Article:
The blogger is a dog


Or a lunatic, extremist or just someone whose opinion you would dismiss were you really to know him.

Like the famous 1993 New Yorker cartoon, where one dog explains to the other that “On the Internet, nobody knows you are a dog,” we are inundated today with information from sources we know nothing about. So though it is unlikely that the blog or column that you are reading actually was written by a dog, it is more than possible that it was written by someone with a personal or political agenda.

Over the past two decades, the media have undergone a massive evolution with the introduction of new technologies. From the onset of cable TV with its nonstop 24-hour news networks, to the rise of the Internet, we have become inundated with an ever increasing number of “news” sources, some more credible than others.

For whatever reason, when the written word appears on the computer screen, readers check their critical thinking skills at the keyboard. We teach our children to be wary of “friends” who approach them online, while we willingly believe “facts” written by people about whom we know nothing.

Online bloggers have become arbiters of truth. Suddenly these random commentators, who often write nothing more than unsubstantiated remarks and nearly libelous personal observations, have access to a wide public forum without any context.

When I was a young editor working at The Jerusalem Post, the legendary Alex Berlyne would walk around the newsroom repeating his golden rule of reporting: “If your mother says she loves you, check it out.” Confirmation by a second source was the rule, not the exception. Journalists saw themselves as servants of the third estate committed to unraveling the truth and defending the greater public good.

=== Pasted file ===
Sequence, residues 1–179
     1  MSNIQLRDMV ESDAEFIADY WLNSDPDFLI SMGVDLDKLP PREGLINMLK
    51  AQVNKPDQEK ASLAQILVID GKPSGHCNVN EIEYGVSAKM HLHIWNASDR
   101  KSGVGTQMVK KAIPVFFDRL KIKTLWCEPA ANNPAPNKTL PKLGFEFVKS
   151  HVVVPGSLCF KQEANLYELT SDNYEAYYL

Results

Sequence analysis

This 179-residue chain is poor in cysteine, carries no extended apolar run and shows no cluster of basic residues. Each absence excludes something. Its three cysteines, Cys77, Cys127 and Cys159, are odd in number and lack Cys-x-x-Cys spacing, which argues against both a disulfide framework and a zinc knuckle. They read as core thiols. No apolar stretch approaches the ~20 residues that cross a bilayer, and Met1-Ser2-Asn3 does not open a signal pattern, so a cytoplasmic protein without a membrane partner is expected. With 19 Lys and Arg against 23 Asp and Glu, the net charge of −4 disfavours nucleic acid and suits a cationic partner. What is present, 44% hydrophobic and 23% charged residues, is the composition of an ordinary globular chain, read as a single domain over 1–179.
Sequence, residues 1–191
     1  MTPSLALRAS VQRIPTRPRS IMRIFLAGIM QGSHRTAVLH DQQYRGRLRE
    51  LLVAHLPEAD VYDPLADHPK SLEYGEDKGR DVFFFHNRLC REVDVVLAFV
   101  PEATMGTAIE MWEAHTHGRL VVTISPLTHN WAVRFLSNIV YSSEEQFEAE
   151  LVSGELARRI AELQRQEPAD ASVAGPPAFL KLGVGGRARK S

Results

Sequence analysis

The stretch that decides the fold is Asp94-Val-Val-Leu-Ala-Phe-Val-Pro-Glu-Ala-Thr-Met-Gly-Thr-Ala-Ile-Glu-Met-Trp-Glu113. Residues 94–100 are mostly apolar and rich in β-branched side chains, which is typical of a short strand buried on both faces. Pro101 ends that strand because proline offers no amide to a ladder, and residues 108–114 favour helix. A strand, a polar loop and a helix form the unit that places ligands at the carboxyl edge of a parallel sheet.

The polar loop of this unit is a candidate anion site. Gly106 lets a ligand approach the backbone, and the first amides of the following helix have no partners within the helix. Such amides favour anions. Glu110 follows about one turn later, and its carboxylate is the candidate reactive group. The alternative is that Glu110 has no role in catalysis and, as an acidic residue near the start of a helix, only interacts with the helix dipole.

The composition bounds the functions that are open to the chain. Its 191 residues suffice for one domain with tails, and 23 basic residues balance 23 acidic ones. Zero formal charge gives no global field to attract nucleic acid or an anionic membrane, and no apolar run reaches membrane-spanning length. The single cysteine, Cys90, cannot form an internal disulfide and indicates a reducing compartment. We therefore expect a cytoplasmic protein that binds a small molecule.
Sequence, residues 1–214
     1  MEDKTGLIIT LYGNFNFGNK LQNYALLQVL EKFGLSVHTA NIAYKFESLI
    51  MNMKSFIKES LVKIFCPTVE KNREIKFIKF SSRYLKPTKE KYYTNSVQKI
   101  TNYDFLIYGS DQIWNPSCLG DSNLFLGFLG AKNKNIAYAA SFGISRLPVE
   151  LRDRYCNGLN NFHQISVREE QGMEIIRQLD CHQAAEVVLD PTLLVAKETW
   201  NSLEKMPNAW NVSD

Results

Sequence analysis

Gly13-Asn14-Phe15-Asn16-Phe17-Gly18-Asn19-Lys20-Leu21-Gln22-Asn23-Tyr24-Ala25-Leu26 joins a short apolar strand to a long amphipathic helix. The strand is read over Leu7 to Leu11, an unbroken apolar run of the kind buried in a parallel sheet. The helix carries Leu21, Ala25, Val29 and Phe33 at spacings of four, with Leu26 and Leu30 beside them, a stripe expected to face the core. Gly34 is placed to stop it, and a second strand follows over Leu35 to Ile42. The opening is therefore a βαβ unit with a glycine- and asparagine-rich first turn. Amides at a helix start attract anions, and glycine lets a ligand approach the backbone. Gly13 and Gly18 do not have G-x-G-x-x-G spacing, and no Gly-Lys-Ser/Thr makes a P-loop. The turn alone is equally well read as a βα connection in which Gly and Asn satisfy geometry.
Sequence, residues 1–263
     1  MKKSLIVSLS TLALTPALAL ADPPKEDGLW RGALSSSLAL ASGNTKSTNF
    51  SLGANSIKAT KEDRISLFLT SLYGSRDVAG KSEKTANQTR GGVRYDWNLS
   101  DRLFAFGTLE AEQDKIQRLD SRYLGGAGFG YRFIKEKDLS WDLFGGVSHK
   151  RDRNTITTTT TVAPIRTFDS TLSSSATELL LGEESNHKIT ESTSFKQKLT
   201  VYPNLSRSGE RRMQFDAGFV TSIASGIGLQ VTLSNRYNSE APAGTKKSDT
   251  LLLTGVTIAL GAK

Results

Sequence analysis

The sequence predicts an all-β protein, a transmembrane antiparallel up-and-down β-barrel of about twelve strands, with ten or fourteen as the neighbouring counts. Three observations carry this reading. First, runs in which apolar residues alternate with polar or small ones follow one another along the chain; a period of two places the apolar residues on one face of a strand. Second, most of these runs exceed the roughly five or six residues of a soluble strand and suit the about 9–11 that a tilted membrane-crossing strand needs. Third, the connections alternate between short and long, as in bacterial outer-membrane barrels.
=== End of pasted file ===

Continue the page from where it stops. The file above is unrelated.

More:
No such standards apply to bloggers or, for that matter, columnists now appearing in your daily paper. Once segregated onto pages clearly labeled as opinion, these essays have become an inexpensive source of page filler and page views. News sites link to a range of writers under the banner that all opinions are equal without vetting credentials. And we, as consumers, rarely check the background of the writer, trusting that someone has done the legwork. But that simply isn’t so.

Recent events around the world remind us once again that in the open marketplace of ideas, the loudest voices are usually those of the most extreme points of view. Talk radio has become talk-back Internet, where one link simply leads to another. Without the moderating influence of editorial accountability, the blogosphere has become a place of black and white, with no room for the gray tones of a more complex reality.

This is particularly true in Israel, where bloggers are taking a cue from the country’s politicians and turning up the volume of the debate. Labels such as anti-Zionist and fascist are the new grenades being tossed around in a battle of the words that has turned cyberspace into a very dangerous place. More often than not, it turns out that those at the forefront of the battle are motivated by their own agenda, positioning extreme ideologies as an objective reality. Scratch a blogger behind the ears and you may discover his political affiliations are not what you expected.

This is where we as consumers have to learn to be wary. We have to sniff out the reliable commentators, research our sources carefully and become our own investigative journalists.

So the next time you read a blog or column citing seemingly shocking “facts,” check out the source. You may just find that the writer’s name is Rover.

(Faye Bittker is a former journalist who now works in media relations at an Israeli university.)

Briefs: Blogging for Israel@60, Weil makes it official


Blogging for Israel’s Anniversary